Falling Garage Door Kills Chi

A Caldwell woman died from her injuries after being pinned underneath this garage door at the County County Paramedics building Thursday.

CALDWELL -- A Caldwell woman has died from her injuries after being pinned last night under a garage door at the Canyon County Paramedic building in Caldwell.

Caldwell Police say that 35-year-old Melissa Farris attempted to go under the door as it was closing after an ambulance left the building. The call came into police at 11:25 p.m.

Farris became trapped and was not conscious or breathing when officers arrived on the scene. Police worked to get the door raised and were a ssisted by firefighters and paramedics.  Once freed, Farris was transported to St. Alphonsus Regional Medical Center in Boise, where she later died from her injuries.

The Canyon County coroner has listed the cause of death as ashyxiation.

The officers, paramedics, and firefighters that worked to get Farris free and revive her all knew her.

Investigators say her vehicle was located in a parking lot across the street and it appears she waited for the ambulance to leave before trying to gain entry to the building.

Farris is a former employee of Canyon County Paramedics, but her visit last night was not expected. On-duty personnel were not aware of her presence.

Investigators are still trying to determine why the safety mechanisms on the door did not engage.

South Valley Journal

By Kristin Sokol

Boy's Life Saved by Police

A nine-year-old South Jordan boy owes his life to a fast acting police officer after being trapped under his family's automatic garage door.

Police haven't released the name of the boy who they say came home from school with his cousin recently to find the garage door open partway.

"The cousin went in the residence to hit the button to open the door, but the door shut for some reason instead of opening. The boy was crawling under the door at that exact moment and got trapped," South Jordan Police Officer Holden Rockwell said.

Police say no adults were present but a neighbor noticed the boy in distress and called 911.

"I thought he was gone when I got there. He was face down and not breathing," Rockwell said. "I tried to lift the door off of him, but it was locked from the inside. So I ran in the house and manually disengaged the locking mechanism inside the garage and lifted the door off of him."

Police estimate the boy was trapped under the door for at least 10 minutes and was not conscious or breathing when they arrived.

"Even though he wasn't breathing, his heart was still beating. I just cleared his airway for him and then heard the fire truck's sirens coming down the road. It all happened really fast," Rockwell said.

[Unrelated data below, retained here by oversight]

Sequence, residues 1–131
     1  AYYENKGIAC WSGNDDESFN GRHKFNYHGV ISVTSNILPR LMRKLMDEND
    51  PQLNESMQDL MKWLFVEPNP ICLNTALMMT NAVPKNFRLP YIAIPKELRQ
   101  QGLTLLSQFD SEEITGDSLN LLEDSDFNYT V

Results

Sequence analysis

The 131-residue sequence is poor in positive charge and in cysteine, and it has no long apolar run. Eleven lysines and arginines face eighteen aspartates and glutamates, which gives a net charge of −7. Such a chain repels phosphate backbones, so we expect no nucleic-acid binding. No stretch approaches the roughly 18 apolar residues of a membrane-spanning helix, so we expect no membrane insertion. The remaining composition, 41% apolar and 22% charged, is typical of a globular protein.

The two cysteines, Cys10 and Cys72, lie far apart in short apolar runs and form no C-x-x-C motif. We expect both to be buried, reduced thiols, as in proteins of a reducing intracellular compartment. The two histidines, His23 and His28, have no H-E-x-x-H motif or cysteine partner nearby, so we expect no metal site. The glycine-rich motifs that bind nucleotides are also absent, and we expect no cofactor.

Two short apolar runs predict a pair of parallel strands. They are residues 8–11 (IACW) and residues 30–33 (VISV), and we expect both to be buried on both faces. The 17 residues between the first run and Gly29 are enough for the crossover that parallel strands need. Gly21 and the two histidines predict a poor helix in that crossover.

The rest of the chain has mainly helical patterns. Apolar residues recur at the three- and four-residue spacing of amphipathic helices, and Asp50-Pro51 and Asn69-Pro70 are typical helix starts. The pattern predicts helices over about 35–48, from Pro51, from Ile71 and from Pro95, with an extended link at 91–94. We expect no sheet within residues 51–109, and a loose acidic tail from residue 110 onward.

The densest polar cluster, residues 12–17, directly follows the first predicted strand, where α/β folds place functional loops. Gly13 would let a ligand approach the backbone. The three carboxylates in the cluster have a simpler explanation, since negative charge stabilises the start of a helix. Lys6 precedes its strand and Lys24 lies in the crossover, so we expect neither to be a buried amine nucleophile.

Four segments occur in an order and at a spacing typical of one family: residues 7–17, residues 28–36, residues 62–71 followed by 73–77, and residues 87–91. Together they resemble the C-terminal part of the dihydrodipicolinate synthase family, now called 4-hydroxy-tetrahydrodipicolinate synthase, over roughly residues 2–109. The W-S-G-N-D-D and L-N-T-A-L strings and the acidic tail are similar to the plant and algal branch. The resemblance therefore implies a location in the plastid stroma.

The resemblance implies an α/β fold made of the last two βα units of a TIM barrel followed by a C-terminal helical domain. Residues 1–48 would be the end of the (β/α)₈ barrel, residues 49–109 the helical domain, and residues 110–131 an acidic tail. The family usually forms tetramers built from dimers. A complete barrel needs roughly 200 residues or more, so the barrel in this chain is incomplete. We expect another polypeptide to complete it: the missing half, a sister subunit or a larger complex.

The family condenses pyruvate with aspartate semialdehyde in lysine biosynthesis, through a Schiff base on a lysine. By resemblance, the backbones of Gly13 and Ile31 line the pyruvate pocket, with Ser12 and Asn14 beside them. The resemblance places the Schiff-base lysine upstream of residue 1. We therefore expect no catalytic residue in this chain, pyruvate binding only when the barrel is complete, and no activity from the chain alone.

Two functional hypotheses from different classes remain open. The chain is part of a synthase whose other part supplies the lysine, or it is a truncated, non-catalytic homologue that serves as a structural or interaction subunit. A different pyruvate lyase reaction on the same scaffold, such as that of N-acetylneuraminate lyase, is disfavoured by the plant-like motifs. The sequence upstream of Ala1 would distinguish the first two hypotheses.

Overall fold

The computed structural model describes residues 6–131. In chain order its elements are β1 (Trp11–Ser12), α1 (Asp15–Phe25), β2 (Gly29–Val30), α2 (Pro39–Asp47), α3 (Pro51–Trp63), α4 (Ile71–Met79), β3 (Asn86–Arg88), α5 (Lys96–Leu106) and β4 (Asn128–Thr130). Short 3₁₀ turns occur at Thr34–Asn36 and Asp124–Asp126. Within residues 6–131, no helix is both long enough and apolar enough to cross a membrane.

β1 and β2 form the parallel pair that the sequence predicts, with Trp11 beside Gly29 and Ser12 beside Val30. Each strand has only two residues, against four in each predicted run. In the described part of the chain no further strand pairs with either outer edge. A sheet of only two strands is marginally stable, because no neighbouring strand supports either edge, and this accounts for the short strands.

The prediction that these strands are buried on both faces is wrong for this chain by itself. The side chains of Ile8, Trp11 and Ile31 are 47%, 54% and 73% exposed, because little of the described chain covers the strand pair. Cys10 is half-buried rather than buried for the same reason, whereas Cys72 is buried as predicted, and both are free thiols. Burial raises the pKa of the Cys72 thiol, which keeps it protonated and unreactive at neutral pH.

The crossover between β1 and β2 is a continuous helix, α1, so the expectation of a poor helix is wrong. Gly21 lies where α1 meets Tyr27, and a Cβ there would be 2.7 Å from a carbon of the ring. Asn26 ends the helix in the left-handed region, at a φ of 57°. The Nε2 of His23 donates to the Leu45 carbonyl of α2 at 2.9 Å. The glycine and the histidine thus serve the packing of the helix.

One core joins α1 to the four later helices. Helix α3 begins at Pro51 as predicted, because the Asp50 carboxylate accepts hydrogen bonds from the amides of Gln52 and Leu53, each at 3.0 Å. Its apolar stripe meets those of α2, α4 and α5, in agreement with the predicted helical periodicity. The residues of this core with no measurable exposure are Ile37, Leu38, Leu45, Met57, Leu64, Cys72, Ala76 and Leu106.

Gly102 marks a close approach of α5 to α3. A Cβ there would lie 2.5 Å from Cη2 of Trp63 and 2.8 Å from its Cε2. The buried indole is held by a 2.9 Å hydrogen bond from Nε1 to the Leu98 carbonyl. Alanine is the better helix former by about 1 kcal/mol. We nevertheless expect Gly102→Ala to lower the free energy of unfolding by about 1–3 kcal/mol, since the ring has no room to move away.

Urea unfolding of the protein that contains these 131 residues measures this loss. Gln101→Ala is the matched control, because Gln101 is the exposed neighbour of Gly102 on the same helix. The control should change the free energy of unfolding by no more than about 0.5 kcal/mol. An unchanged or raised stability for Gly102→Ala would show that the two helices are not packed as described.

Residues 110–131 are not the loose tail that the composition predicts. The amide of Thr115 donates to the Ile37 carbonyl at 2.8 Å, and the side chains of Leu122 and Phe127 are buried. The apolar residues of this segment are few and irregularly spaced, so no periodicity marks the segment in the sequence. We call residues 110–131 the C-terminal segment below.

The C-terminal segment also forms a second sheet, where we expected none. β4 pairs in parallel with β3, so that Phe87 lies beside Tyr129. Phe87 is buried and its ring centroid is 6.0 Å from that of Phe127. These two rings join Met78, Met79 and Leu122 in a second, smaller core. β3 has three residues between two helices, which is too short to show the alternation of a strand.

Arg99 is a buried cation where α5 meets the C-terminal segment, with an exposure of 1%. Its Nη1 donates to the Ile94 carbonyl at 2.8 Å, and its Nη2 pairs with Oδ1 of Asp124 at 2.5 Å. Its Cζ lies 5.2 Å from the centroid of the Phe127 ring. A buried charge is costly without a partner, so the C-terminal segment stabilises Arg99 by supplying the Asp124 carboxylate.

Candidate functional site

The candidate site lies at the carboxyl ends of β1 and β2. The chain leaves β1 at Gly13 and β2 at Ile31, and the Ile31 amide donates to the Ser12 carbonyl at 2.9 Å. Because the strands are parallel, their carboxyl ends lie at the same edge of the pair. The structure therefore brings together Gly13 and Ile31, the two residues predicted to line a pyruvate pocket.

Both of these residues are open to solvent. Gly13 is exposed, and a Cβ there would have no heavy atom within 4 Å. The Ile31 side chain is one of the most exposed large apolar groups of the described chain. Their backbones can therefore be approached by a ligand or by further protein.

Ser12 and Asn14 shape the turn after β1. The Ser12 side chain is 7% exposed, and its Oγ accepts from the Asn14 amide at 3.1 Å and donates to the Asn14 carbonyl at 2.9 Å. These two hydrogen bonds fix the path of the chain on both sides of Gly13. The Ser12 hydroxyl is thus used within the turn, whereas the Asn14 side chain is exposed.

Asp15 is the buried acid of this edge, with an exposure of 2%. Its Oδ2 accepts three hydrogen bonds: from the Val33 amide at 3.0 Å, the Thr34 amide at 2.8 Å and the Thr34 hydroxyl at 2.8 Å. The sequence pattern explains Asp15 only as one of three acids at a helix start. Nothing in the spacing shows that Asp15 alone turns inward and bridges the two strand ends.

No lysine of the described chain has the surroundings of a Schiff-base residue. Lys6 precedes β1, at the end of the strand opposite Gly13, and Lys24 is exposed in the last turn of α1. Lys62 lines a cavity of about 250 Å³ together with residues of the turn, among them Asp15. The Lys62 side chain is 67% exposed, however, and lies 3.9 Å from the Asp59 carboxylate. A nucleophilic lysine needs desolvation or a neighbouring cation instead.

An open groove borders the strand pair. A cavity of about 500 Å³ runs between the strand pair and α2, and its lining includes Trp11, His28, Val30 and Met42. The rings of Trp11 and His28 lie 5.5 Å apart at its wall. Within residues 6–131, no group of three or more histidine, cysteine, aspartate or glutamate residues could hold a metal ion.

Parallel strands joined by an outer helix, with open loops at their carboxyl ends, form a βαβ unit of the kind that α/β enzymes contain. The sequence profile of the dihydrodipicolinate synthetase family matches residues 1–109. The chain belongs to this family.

After paramedics arrived, the boy was transported via Life Flight to the hospital. Officers say he sustained traumatic injuries to his lungs as a result of the incident, but is expected to make a full recovery.

"I spoke with his grandmother on phone, to find out how he was doing. She said they expected him to make a full recovery, and that he is responding well to treatment," Rockwell said.

Police officers warn other residents to teach their children about garage door safety and remind residents to inspect garage doors periodically to ensure they are functioning properly.

"One of the problems here was the bounce back laser that would trip the door to go back up was aimed too high and was over his back when he was on the ground. There is another pressure release that should make the door go back up if it feels too much pressure in one spot. People should test that to make sure it is working properly," Rockwell said.

Rockwell has been nominated to receive the Life Saving medal from South Jordan City. The medal is awarded to those who in the course of their duties perform an act that greatly contributes to the saving of another human life.

"Our officers are committed to these people. They truly are public servants. Bless this man. If this were my son or your son, this is exactly the man I would want to show up," South Jordan Councilmember Leona Winger said. "This is just a great example of how our officers every day are serving the people."

Caption: South Jordan police remind parents about the safety hazards caused by leaving a garage door partially open after a recent incident where a South Jordan child was crushed after crawling underneath a door.

South Valley Journal